When five-year-old Nioucha Homayoonfar moves from the U.S. to Iran in 1979, its open society means a life with dancing, women’s rights, and other freedoms. But soon the revolution erupts and the rules of life in Iran change. Religion classes become mandatory. Nioucha has to cover her head and wear robes. Opinions at school are not welcome. Her cousin is captured and tortured after he is caught trying to leave the country. And yet, in the midst of so much change and challenge, Nioucha is still just a girl who wants to play with her friends, please her parents, listen to pop music, and, eventually, have a boyfriend. Will she ever get used to this new culture? Can she break the rules without consequences? Nioucha’s story sheds light on the timely conversation about religious, political, and social freedom, publishing in time for the 40th anniversary of the Iranian Revolution.
Nioucha’s coming-of-age memoir, ‘Taking Cover’ (out now through National Geographic) set during the Iranian Revolution, tells the true story of a young girl who moves to Tehran from the U.S. and has to adjust to living in a new country, learning a new language, and starting a new school during one of the most turbulent periods in Iran’s history.
Although today’s younger generation may be unfamiliar with the Iranian Revolution, with current situations of political turmoil in places like Syria which has seen a mass exodus of refugees over the past 6 years due to internal conflict, and heightened fears about immigration being weaponized in political speeches across the Western world, Nioucha’s book is a reminder that these stories are personal, real and could literally happen to anyone. We spoke with the author about her process for writing this memoir, her thoughts on current similar political and social situations, and how she is inspired by female activists in Iran today.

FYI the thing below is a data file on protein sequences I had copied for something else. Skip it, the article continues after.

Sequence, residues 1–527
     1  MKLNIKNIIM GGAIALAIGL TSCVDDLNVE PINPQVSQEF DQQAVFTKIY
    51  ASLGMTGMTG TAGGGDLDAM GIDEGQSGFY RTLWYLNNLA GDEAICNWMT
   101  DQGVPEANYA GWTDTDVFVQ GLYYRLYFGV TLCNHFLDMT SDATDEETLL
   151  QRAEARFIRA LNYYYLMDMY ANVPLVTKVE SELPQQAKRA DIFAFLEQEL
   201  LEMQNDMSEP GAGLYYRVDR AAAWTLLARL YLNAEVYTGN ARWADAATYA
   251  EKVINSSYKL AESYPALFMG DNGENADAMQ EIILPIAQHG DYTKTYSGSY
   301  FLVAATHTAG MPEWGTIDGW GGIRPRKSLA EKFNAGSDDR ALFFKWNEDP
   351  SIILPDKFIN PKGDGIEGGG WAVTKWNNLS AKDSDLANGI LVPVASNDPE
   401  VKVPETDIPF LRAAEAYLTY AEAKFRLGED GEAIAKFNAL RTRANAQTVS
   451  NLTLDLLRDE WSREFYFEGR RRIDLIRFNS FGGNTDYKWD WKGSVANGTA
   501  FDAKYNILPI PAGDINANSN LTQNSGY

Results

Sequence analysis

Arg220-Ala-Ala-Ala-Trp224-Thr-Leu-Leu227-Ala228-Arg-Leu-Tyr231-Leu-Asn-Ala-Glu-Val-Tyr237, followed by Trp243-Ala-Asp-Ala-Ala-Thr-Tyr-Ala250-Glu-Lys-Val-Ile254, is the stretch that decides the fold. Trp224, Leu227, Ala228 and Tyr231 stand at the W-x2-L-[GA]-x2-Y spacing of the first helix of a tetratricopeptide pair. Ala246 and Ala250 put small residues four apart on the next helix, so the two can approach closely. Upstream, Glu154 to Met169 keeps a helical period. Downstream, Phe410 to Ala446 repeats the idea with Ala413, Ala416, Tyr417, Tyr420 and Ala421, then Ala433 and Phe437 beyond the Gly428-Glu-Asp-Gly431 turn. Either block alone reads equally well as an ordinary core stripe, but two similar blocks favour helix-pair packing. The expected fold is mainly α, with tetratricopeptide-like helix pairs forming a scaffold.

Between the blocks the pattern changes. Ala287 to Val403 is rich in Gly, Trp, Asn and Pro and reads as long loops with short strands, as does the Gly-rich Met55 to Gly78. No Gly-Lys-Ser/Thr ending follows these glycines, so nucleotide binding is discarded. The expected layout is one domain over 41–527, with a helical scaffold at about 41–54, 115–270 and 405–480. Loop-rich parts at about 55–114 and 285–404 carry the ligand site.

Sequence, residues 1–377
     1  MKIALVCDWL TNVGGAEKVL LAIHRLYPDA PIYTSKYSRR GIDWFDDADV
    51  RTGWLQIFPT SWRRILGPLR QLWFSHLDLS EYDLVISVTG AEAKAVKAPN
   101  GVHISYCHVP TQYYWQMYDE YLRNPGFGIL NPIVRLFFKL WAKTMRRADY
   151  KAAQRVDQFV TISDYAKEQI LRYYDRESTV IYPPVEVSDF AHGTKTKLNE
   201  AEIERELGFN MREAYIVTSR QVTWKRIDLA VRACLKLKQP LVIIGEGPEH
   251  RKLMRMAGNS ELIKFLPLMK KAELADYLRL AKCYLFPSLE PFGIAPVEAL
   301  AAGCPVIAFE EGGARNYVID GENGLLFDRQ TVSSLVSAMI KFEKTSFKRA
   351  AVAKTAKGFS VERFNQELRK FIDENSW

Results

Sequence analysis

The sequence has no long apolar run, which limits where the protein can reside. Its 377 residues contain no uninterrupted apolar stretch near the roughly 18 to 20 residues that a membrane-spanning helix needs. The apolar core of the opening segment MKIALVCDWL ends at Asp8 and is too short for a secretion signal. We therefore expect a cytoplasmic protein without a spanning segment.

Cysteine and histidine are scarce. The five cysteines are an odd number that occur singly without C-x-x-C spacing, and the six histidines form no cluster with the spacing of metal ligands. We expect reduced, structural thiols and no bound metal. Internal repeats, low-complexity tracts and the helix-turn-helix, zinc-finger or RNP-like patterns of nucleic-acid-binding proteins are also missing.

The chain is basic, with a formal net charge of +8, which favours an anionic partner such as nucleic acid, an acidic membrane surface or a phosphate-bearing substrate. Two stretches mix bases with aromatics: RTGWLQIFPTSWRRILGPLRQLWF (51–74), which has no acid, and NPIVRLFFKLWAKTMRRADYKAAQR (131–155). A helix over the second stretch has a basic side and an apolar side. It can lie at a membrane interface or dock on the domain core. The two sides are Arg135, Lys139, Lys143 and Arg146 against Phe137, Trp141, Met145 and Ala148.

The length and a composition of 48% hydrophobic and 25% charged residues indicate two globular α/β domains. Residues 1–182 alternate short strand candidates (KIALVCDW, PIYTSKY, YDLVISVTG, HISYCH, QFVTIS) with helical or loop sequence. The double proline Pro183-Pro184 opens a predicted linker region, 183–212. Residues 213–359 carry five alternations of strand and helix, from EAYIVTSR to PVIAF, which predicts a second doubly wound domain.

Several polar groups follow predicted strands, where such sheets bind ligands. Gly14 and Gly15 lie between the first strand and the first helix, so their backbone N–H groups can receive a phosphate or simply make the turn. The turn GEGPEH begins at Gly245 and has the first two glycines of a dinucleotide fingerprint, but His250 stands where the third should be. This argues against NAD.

Why did you decide to write a memoir about your tumultuous journey from Iran to the US?
I wanted to write this memoir as a way to remember and document my journey from Iran to the US. After I had my two children, it became important for me to tell them about my life growing up in Iran and what prompted us to leave the country we loved so much. Writing this book was a way to relive the good times I had in Iran, as well as work through, and process, some of the more tumultuous memories.
While there may be markedly different aspects of your upbringing, there are also parts of your coming-of-age story that are so familiar universally. How do you hope audiences everywhere will relate to your story?
I hope readers will see a young girl sharing the same passions and concerns that most kids around the world have. Although I grew up during the aftermath of an Islamic Revolution that was followed shortly by a war, I was also just a regular kid. I loved my family and friends, I enjoyed listening to music and to dance, and I had crushes on boys. I had a bit of a mischievous side too, which young audiences can relate to either from recognizing it in themselves or seeing it in other children. Audiences everywhere can relate to love, loss, terror, and fun. ‘Taking Cover’ explores these themes and shows the reader that my experiences can bind us in our humanity.
Conversations about politics, freedom and religion are very timely, especially in the US. As someone who has been through this many years ago, what kind of feelings does it bring up to see the political and social turmoil in the US right now?